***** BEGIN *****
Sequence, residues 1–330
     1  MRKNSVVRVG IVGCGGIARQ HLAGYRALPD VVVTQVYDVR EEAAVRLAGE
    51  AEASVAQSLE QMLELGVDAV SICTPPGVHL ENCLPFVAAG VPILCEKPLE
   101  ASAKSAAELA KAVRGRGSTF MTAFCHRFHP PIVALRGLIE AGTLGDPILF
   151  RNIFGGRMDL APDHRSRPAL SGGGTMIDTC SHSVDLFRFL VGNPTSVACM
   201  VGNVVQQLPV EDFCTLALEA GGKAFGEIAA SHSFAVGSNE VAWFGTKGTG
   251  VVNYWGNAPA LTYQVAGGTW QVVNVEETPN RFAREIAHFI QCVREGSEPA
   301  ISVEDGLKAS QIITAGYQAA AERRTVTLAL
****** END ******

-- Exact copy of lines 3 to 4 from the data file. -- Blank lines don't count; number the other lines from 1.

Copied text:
    51  AEASVAQSLE QMLELGVDAV SICTPPGVHL ENCLPFVAAG VPILCEKPLE
   101  ASAKSAAELA KAVRGRGSTF MTAFCHRFHP PIVALRGLIE AGTLGDPILF